While I agree with 99 percent of Gary Phillips’ Sept. 26 letter, I don’t agree with his following statement: “I do not believe anyone should protest anything while they are at work – and once an NFL player is in uniform on the field, he is at work and should leave the protests off the field.”

This is entertainment sports, not an accounting firm, a law office or a restaurant. The players have a unique opportunity to shine the spotlight on the horrific racism that has flamed more brightly because of our current president. From blacks speaking out when the media spotlight is on the latest racial incident, I’ve learned how scary and prevalent racism still is. Media spotlights help bring attention to issues.

Unless the players’ contracts forbid kneeling or not being on the field for the national anthem, they can kneel to protest racism. How else to get our attention? How else to make change? Can’t we simply watch their non-threatening action? We delight in watching them play; watching their non-threatening protest is the least we can do.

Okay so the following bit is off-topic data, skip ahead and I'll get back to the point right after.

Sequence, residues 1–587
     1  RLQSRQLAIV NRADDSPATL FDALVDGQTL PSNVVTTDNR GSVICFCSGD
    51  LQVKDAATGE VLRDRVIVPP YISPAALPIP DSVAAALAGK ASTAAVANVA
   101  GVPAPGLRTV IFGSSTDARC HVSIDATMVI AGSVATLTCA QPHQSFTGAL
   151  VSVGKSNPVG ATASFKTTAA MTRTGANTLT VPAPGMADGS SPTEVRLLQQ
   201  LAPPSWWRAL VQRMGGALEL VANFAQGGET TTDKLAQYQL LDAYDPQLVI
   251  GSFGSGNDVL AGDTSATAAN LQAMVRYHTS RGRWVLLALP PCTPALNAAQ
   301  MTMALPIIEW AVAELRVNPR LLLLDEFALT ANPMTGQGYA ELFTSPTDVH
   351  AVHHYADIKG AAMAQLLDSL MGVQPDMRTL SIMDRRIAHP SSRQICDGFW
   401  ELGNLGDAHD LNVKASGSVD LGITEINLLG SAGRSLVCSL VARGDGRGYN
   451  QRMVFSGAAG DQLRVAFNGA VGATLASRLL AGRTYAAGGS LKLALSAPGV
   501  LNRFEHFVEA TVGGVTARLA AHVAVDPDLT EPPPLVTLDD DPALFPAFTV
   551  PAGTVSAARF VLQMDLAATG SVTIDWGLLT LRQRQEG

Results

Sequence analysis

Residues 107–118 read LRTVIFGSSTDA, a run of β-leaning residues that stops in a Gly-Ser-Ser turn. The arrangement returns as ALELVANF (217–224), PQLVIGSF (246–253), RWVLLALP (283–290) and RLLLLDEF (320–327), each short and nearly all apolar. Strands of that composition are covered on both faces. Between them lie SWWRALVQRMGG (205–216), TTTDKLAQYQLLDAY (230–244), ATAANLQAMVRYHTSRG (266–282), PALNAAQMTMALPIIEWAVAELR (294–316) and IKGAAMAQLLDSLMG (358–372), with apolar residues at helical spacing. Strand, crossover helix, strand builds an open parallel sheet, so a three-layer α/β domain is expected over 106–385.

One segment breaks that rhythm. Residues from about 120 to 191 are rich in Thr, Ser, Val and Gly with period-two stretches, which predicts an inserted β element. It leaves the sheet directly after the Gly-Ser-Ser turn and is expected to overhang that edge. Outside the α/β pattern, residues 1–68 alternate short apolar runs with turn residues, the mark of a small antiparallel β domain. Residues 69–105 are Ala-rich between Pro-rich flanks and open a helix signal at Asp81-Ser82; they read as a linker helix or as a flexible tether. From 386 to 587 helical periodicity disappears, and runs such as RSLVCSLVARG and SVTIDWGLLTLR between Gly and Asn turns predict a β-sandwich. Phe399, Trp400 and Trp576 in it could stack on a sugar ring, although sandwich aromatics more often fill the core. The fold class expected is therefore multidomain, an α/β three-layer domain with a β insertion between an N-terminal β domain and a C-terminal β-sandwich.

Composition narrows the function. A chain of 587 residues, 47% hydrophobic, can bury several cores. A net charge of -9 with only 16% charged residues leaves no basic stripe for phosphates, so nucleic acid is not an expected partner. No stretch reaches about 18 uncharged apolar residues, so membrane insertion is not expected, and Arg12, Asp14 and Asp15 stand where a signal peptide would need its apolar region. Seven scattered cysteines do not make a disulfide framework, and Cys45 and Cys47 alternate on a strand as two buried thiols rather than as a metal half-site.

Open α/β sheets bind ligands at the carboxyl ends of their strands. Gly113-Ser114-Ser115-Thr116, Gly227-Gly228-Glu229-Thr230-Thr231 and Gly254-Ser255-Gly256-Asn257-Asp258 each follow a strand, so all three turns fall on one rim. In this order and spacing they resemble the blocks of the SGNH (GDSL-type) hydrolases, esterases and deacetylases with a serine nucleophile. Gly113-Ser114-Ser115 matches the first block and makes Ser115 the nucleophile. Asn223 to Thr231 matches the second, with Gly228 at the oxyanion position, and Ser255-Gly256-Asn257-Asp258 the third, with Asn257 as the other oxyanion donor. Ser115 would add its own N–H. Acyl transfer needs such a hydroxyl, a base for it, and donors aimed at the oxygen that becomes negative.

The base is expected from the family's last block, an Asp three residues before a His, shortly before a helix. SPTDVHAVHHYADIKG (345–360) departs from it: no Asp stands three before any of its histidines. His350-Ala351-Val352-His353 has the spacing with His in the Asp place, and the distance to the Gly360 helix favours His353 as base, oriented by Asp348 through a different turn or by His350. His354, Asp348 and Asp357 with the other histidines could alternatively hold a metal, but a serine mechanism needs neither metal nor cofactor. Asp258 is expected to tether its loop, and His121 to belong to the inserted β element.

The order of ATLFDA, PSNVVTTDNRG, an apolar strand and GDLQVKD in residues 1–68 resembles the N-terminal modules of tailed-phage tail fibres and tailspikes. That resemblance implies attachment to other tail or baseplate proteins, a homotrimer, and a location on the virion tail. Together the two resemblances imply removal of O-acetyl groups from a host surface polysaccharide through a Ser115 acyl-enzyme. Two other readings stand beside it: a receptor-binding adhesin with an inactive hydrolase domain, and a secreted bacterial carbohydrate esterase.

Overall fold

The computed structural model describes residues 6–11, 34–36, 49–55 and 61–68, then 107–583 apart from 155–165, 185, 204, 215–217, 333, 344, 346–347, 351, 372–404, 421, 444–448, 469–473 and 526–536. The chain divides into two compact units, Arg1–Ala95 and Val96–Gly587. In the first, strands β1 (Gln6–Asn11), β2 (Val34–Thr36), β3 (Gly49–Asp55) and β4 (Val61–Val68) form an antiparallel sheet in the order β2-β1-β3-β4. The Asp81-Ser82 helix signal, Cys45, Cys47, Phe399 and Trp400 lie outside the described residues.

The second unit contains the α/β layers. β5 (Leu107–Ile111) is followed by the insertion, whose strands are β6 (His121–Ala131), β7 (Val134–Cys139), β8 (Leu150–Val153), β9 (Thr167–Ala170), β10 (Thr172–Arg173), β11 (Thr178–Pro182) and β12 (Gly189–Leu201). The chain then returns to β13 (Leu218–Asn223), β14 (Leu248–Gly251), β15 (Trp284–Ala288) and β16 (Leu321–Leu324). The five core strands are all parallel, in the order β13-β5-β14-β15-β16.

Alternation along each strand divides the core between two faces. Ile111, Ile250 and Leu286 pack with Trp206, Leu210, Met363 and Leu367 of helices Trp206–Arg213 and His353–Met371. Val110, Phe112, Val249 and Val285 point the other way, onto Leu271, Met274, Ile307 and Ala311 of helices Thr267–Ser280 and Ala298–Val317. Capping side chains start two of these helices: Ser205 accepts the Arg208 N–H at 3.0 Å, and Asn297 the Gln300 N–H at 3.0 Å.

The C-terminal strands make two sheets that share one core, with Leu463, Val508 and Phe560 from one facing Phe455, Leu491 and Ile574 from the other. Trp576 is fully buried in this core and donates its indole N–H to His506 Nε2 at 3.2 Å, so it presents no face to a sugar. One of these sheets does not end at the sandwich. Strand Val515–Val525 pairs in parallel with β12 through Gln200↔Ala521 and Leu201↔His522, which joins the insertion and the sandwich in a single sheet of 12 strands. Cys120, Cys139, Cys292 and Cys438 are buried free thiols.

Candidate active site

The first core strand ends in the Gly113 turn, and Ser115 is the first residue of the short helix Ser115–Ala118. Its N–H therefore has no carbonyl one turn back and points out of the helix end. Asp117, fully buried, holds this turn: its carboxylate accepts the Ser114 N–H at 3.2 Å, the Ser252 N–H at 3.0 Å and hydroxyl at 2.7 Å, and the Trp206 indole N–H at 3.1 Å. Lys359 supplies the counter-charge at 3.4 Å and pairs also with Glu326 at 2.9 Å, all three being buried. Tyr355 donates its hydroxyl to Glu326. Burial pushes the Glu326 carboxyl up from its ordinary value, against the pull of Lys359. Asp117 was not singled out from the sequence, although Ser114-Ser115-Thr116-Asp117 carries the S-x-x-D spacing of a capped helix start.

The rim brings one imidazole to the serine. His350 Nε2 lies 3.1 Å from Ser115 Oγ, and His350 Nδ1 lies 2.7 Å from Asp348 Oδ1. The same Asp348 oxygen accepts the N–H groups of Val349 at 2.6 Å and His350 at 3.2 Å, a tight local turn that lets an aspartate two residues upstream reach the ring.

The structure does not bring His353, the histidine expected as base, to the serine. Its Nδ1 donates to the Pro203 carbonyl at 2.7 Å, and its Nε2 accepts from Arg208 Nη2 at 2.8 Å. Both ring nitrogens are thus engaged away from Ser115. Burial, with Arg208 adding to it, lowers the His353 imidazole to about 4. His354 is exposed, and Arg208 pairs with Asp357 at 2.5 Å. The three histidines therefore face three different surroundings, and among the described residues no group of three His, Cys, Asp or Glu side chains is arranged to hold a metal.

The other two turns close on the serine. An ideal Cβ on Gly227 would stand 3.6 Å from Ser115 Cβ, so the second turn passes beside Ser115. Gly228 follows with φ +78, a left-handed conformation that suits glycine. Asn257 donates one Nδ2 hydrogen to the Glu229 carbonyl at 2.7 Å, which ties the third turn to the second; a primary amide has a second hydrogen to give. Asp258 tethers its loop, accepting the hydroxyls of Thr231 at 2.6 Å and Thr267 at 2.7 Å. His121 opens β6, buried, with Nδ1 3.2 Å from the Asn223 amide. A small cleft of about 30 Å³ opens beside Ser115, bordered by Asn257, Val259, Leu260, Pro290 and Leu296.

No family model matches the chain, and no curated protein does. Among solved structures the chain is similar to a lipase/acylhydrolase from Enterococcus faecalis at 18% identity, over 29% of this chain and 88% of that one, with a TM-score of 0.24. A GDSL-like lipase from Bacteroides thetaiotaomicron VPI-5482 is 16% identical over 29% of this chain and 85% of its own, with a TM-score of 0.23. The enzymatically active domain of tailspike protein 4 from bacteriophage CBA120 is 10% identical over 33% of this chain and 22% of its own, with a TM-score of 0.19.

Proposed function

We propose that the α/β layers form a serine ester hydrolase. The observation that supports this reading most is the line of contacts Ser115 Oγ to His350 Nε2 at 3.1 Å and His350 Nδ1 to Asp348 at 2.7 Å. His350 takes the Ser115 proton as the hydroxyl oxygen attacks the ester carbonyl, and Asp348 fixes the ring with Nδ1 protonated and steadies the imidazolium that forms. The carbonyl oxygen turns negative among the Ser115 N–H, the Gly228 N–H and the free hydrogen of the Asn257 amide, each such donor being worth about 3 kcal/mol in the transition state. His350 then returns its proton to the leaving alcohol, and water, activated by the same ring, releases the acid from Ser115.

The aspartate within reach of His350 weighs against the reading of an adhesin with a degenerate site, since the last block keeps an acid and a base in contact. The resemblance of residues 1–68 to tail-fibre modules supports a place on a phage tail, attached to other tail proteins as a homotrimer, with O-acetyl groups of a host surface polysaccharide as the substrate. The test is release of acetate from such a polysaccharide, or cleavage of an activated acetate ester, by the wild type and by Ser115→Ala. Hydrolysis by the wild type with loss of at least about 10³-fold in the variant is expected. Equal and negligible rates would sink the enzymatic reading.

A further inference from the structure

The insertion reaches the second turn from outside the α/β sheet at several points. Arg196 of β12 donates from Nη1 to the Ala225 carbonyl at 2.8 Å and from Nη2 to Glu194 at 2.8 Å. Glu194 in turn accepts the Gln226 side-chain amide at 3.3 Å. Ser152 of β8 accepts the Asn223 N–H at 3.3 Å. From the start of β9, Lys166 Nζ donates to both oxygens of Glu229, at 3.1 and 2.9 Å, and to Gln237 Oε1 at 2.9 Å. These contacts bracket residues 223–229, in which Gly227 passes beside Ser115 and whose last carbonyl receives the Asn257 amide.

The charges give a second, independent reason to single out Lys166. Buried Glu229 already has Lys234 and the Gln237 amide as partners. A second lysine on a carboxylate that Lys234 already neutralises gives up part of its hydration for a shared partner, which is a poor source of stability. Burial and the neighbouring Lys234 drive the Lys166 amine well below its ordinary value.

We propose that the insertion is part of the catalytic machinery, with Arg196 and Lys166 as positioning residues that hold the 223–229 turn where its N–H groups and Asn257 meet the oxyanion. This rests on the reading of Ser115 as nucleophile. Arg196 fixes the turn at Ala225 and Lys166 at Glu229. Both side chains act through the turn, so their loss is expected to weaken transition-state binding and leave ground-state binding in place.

We must start working to mend the tears in our national fabric that racism continues to create. They are using their fame and our national craze with football to their advantage. Smart move.

I have often wondered why the national anthem is played at sporting events. When did this tradition start? Did the Romans sing a national song at the start of each slave gladiator game at the Colosseum? Sporting events use our country’s anthem to start the games; why is it offensive for athletes to take advantage of that opportunity?

Anne Gregory